Health care coverage has developed into one of manufacturers’ most important tools for recruiting and retaining skilled workers.
As a result, 84 percent of manufacturers provide health care benefits to their employees, a level of coverage second only to government.
But more and more manufacturers are finding it difficult to afford annual increases in their premiums, which often hit the double digits. Rising costs stand in the way of manufacturers’ ability to compete — sometimes even to survive — and act as a disincentive to hiring new employees and establishing new jobs.
The problem can become even more acute for small manufacturers, for whom personnel costs represent major portions of their budgets. These manufacturers lack the size and buying power to negotiate the discounts with their insurance providers that can control health-care costs.
One solution is to allow well-established trade associations to offer affordable health insurance coverage to their members through Small Business Health Plans (SBHPs). With their size, reputation and purchasing power, the trade associations enjoy advantages in the health-care marketplace now unavailable to individual, small employers.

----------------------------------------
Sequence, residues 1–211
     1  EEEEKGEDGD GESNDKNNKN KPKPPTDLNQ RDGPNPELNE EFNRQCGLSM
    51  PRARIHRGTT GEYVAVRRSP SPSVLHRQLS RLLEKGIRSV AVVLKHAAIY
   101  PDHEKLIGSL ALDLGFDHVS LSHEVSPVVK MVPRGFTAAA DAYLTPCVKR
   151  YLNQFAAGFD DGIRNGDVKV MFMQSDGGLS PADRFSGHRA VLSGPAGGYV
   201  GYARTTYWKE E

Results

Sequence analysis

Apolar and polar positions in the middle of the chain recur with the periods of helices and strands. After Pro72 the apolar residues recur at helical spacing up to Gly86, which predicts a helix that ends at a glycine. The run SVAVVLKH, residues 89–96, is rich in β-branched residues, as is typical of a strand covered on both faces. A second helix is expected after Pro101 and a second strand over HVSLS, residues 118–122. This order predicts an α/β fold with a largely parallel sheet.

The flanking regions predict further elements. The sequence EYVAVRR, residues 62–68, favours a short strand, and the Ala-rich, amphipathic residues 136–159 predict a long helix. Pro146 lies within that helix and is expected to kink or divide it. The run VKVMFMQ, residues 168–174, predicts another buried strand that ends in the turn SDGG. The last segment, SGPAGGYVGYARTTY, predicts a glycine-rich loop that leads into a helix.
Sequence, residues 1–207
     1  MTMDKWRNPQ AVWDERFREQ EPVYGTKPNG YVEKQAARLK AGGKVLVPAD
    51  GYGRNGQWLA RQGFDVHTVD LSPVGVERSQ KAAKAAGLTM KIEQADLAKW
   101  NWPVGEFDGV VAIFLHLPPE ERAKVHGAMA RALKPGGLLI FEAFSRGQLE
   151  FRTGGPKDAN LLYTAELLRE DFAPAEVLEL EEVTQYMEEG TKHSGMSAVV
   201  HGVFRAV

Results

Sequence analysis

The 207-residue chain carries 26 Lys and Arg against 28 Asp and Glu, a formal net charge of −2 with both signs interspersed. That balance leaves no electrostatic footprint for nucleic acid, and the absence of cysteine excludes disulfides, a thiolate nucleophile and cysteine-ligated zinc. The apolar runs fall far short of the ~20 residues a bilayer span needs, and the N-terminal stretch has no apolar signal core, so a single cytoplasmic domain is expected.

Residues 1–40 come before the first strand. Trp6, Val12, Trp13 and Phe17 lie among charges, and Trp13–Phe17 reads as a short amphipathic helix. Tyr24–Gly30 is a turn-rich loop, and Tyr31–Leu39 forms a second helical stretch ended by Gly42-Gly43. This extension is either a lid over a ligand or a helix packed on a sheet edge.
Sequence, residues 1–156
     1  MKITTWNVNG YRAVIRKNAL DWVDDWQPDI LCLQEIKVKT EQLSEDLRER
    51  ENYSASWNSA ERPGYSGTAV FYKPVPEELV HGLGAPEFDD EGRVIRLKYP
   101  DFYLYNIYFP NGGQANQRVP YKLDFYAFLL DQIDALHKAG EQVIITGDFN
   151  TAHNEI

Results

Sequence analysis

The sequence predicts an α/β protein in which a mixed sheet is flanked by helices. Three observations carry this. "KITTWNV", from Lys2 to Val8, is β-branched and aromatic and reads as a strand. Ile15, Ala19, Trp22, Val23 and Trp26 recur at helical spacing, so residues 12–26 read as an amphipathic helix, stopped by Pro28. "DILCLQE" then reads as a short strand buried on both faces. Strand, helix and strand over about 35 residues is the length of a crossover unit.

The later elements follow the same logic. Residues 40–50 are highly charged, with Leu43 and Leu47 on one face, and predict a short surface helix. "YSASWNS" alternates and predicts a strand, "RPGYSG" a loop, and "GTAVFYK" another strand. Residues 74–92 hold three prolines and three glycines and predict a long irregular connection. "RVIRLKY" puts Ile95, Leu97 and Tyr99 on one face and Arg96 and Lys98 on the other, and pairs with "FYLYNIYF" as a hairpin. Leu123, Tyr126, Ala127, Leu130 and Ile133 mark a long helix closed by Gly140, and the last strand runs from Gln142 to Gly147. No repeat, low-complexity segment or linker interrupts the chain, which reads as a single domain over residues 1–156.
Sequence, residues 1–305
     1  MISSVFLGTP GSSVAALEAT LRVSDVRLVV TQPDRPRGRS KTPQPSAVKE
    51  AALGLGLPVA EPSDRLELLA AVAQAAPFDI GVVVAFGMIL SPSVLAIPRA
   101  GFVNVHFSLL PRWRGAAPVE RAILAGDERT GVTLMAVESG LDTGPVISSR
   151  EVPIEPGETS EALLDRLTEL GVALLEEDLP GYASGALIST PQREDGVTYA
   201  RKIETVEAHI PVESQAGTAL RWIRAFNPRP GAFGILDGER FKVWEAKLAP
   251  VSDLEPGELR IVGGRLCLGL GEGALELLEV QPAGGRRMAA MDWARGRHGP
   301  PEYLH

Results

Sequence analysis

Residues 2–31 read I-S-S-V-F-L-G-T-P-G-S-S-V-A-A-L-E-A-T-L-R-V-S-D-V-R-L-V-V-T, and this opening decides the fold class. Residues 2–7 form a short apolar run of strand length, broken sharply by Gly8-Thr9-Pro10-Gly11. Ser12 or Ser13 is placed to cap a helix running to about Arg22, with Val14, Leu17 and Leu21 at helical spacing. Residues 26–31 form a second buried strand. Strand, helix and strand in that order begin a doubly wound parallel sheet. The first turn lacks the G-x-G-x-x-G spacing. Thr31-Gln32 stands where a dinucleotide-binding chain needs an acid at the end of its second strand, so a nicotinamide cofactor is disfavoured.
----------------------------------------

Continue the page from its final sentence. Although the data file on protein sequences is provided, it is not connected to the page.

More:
The U.S. Senate is currently considering legislation to provide this promising option, S. 1955, the Health Insurance Marketplace Modernization and Affordability Act.
S. 1955 would reduce the cost of health insurance for small employers by 12 percent — or $1,000 per employee — according to one respected actuarial firm. Furthermore, the legislation would take a major step in insuring the uninsured, extending coverage to more than one million Americans in working families.
Consumers and employers alike would be protected by a full range of existing authorities. Under the bill, each state would have to license the SBHPs, thereby preserving the traditional role of the states in protecting the interests of insurance consumers.
While allowing the employer to control costs, the legislation would also give many employees more options in health care than they have now.
Passage of S. 1955 is certainly one of the best ways Congress can ensure that manufacturers continue to provide health-care coverage, and in doing so, meeting one of the most critical demands in the competitive marketplace.
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